Dar es Salaam. Good morning! The Chanzo is here with a rundown of major news stories reported in Tanzania on Thursday, July 7, 2022.
Maasai people sue Tanzania at EACJ over ‘forceful eviction’ attempts from Ngorongoro
A representative suit was filed at the East African Court of Justice (EACJ) by members of the Ngorongoro Maasai community in an attempt to force the government of Tanzania to respect their right to property, right to life and livelihood and cultural and spiritual rights by abandoning its plan to “forcefully evict” them from their “ancestral land” of Ngorongoro.
A representative suit is a suit that is filed by one or more persons on behalf of themselves and others having the same interest in the suit. In this case, the suit was filed by Mr Thadeus Clamian, a Tanzanian national of Maasai origin.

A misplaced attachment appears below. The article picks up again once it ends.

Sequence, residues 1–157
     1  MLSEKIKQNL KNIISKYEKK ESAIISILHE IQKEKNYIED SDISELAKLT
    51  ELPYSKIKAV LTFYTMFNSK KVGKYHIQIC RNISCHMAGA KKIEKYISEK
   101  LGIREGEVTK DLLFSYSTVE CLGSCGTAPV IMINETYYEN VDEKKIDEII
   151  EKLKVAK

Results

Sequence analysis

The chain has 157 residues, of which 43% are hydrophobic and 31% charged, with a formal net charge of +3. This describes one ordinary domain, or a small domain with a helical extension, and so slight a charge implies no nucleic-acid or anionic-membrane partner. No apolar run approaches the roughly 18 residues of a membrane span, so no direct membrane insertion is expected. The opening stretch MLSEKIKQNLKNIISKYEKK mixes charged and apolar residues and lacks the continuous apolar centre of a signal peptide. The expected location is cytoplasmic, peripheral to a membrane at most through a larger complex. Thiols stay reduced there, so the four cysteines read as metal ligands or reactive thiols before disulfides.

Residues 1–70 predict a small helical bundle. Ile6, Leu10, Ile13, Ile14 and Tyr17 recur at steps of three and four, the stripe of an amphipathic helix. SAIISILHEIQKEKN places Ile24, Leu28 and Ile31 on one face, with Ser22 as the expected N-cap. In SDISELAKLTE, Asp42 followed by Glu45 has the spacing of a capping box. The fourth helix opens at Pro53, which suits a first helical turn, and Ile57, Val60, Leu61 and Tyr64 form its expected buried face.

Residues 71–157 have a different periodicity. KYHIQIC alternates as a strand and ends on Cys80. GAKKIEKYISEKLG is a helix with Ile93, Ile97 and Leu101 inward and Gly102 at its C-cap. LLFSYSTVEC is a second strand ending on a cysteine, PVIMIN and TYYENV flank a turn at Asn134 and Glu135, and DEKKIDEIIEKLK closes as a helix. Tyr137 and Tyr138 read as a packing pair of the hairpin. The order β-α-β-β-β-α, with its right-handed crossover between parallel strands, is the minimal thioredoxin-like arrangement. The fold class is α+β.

The news of the suit comes at a time when authorities are determined to move the remaining people from Ngorongoro to the designated area of Msomera, a village within the district of Handeni, Tanga region.
The government says the exercise is a voluntary one and a family “relocating” to Msomera is paid compensation for the house that is being left; a three-bedroom modern house that has been constructed by the government; mattresses and other important domestic equipment.
As of June 9, 2022, about 293 households with 1,497 persons had already registered for the “voluntary relocation,” Prime Minister Kassim Majaliwa told the parliament on June 30, 2022, when moving a motion to postpone the parliamentary budget session.
But in the suit the native people of Ngorongoro have slammed the exercise as “forceful,” citing the lack of participation of the local communities as well as the transferring of development projects from Ngorongoro to Handeni.
In their suit against Tanzania’s Attorney General, the Maasai people explain that Ngorongoro is their “only home, seasonal and cyclic use for their livelihoods, cultural and spiritual purposes.”